Seventeen high school students from Camden County came to the Yogi Berra Museum & Learning Center to present their innovative design projects inspired by the world of sports and the life of the Hall of Fame catcher to a panel of expert judges. The day was the culmination of a month-long summer program held at Camden County College during which the students learned to use Solid Edge® software, a state-of-the-art computer-aided design program (CAD) created by Siemens PLM Software. Challenge participants implemented the software to design 3D prototypes that addressed real-world problems from the world of sports. Prototypes were later printed on a 3D printer.
The students began the day participating in the Museum’s STEM programs, making use of PITCH, the Museum’s new interactive installation, and other radar technology to learn about physics and math. After lunch, four teams presented their designs to the panel of judges that included Lars Nauheim, director of Global Operations for Siemens; Donna Wright, senior marketing manager of Siemens; Patti Jo Rosenthal, manager of K-12 Programs for ASME (American Society of Mechanical Engineers); and Kavitha Davidson, professional sports writer. Projects included bamboo-lined shin guards to prevent skin rashes, customized knee pads to protect the knees, sports goggles enhanced with augmented reality, and “Ear Buddy,” an ear bud featuring GPS for visually impaired runners.
“The student solutions were incredibly creative and ambitious,” said Eve Schaenen, the Museum’s executive director. “As a Learning Center, the Museum has worked hard in the last year to develop fun and exciting ways to engage young people in STEM. This new partnership with Siemens and the Camden County Schools represents another way for us to leverage the common bond of sports to expose students to important subjects like engineering and digital tools like Solid Edge. Our hope is to build on today’s experience so that this design challenge can reach many more students in the future.”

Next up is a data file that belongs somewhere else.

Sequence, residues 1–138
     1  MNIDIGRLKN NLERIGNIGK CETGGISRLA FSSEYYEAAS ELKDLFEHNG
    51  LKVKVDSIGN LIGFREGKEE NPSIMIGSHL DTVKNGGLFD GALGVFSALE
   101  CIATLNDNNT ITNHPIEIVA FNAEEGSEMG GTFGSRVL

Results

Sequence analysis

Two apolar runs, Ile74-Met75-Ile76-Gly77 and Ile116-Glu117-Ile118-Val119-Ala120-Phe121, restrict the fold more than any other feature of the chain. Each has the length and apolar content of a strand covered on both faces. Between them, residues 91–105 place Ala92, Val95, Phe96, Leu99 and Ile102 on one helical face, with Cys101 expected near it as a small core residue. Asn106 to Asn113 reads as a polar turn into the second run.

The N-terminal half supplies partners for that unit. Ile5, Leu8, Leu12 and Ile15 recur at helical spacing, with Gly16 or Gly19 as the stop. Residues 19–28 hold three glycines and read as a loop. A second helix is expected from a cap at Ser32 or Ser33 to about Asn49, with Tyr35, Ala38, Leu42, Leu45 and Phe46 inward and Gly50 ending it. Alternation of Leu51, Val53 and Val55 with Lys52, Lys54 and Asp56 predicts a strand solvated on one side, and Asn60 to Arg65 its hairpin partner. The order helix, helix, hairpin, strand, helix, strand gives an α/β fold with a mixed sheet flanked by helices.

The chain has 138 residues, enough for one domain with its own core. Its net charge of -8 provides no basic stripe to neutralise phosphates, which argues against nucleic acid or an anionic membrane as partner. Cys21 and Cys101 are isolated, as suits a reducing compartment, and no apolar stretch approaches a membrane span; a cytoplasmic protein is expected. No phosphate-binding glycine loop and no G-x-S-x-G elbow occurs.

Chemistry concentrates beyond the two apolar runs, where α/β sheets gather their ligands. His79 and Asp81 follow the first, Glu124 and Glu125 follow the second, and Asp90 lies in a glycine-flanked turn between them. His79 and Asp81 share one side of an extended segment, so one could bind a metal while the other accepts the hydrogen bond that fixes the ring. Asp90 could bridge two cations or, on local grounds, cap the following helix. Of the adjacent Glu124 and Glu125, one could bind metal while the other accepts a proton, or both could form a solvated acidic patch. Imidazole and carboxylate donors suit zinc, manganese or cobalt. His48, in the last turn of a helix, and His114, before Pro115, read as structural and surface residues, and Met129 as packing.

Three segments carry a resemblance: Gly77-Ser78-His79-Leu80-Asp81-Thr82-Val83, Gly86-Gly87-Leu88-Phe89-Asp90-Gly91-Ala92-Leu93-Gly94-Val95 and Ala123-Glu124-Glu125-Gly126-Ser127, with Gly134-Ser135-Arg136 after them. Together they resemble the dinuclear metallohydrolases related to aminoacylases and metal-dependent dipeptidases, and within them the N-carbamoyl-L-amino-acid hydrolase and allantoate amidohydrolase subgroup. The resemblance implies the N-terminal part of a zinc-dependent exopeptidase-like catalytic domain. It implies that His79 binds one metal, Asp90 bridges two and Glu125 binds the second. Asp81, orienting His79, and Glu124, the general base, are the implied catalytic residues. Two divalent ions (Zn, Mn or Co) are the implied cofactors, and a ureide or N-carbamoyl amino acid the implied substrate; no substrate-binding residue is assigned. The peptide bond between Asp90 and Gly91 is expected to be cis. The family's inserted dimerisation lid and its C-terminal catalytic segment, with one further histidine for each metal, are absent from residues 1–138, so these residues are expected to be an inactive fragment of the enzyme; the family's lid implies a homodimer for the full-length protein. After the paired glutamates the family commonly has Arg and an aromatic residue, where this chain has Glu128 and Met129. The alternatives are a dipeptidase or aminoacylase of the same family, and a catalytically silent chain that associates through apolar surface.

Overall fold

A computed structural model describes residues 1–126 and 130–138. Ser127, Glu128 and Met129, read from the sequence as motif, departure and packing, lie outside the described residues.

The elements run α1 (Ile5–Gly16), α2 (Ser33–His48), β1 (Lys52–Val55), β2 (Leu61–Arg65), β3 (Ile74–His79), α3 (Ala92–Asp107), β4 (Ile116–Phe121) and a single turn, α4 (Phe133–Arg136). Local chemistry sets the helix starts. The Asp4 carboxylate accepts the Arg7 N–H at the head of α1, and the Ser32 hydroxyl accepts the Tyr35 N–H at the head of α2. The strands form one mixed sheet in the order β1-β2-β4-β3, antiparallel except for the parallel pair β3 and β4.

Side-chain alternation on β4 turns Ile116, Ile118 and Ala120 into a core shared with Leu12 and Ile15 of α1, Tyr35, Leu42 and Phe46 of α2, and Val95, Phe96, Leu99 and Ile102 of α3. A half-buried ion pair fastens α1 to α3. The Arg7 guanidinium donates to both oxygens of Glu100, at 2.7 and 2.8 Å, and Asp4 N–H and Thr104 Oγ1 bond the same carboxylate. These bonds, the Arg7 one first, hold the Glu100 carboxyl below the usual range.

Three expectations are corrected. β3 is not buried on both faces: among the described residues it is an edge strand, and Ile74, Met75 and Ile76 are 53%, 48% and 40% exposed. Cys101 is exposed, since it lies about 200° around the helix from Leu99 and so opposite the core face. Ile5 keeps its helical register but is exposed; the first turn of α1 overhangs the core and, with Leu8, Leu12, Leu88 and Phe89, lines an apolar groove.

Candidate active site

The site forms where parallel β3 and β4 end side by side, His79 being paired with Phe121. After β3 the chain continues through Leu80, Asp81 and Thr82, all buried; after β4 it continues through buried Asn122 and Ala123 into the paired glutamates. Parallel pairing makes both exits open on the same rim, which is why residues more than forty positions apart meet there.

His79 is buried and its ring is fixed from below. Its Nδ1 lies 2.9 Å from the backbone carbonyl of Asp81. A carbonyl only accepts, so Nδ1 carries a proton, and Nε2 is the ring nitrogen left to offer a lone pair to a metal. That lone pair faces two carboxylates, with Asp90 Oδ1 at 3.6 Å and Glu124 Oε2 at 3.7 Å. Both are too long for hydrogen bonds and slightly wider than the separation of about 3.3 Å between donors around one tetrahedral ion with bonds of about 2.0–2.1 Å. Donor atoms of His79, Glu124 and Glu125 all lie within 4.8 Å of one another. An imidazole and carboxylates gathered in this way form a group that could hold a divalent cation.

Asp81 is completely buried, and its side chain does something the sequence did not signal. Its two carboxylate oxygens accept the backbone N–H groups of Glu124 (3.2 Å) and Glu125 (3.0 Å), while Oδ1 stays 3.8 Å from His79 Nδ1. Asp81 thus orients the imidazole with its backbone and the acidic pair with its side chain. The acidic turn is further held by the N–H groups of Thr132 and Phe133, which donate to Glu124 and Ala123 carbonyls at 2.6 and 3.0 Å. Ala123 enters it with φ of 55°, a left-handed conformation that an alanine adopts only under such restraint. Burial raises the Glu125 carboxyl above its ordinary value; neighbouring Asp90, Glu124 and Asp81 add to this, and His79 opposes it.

In the end, the four judges were so impressed with all the projects that they awarded each participant an Amazon gift card and a license of Solid Edge software for students, along with T-shirts and a Yogi Berra Museum #8 ring in honor of the player who inspired the competition.
Lars Naunheim, director of Global Operations for Siemens – and an ardent baseball fan – was full of enthusiasm for the pilot program, which he helped spearhead after a visit to the Museum this past February. “Siemens PLM Software is pleased to collaborate with the Yogi Berra Museum to offer a summer camp program which introduces students to STEM and engineering with a design challenge that combines sports and math in a fun and creative way. It is a unique opportunity and privilege to support the museum’s mission of offering sports-based educational programs and to promote Yogi’s values around teamwork and excellence.”